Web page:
Screening synteny blocks in pairwise genome comparisons through integer programming
1 Department of Plant and Microbial Biology, University of California, Berkeley, CA, 94720, USA
2 iPlant, Department of Plant Sciences, University of Arizona, Tucson, 85721, USA
3 Plant Genome Mapping Laboratory, University of Georgia, Athens, GA, 30602, USA
BMC Bioinformatics 2011, 12:102 doi:10.1186/1471-2105-12-102Published: 18 April 2011
It is difficult to accurately interpret chromosomal correspondences such as true orthology and paralogy due to significant divergence of genomes from a common ancestor. Analyses are particularly problematic among lineages that have repeatedly experienced whole genome duplication (WGD) events. To compare multiple "subgenomes" derived from genome duplications, we need to relax the traditional requirements of "one-to-one" syntenic matchings of genomic regions in order to reflect "one-to-many" or more generally "many-to-many" matchings. However this relaxation may result in the identification of synteny blocks that are derived from ancient shared WGDs that are not of interest. For many downstream analyses, we need to eliminate weak, low scoring alignments from pairwise genome comparisons. Our goal is to objectively select subset of synteny blocks whose total scores are maximized while respecting the duplication history of the genomes in comparison. We call this "quota-based" screening of synteny blocks in order to appropriately fill a quota of syntenic relationships within one genome or between two genomes having WGD events.
We have formulated the synteny block screening as an optimization problem known as "Binary Integer Programming" (BIP), which is solved using existing linear programming solvers. The computer program QUOTA-ALIGN performs this task by creating a clear objective function that maximizes the compatible set of synteny blocks under given constraints on overlaps and depths (corresponding to the duplication history in respective genomes). Such a procedure is useful for any pairwise synteny alignments, but is most useful in lineages affected by multiple WGDs, like plants or fish lineages. For example, there should be a 1:2 ploidy relationship between genome A and B if genome B had an independent WGD subsequent to the divergence of the two genomes. We show through simulations and real examples using plant genomes in the rosid superorder that the quota-based screening can eliminate ambiguous synteny blocks and focus on specific genomic evolutionary events, like the divergence of lineages (in cross-species comparisons) and the most recent WGD (in self comparisons).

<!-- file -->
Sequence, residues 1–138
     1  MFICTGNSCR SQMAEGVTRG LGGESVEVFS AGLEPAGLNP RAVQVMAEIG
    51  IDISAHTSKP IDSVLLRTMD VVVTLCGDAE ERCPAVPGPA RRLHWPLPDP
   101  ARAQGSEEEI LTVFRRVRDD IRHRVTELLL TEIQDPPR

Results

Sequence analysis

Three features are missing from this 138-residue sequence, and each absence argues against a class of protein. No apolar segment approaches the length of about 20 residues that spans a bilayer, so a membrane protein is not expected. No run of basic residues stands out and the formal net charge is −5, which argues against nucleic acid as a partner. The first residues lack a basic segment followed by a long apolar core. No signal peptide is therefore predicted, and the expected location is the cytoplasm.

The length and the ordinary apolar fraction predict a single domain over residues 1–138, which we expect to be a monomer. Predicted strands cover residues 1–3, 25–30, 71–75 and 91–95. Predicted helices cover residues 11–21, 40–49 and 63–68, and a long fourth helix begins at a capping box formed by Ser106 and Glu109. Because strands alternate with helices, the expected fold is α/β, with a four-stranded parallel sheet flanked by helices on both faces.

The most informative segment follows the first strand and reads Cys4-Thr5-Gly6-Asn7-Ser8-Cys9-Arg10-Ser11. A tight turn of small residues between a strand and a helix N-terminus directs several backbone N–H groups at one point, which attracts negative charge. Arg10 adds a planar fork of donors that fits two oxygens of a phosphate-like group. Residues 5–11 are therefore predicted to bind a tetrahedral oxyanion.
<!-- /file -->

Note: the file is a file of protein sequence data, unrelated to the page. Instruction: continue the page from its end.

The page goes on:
The QUOTA-ALIGN algorithm screens a set of synteny blocks to retain only those compatible with a user specified ploidy relationship between two genomes. These blocks, in turn, may be used for additional downstream analyses such as identifying true orthologous regions in interspecific comparisons. There are two major contributions of QUOTA-ALIGN: 1) reducing the block screening task to a BIP problem, which is novel; 2) providing an efficient software pipeline starting from all-against-all BLAST to the screened synteny blocks with dot plot visualizations. Python codes and full documentations are publicly available http://github.com/tanghaibao/quota-alignment webcite. QUOTA-ALIGN program is also integrated as a major component in SynMap http://genomevolution.com/CoGe/SynMap.pl webcite, offering easier access to thousands of genomes for non-programmers.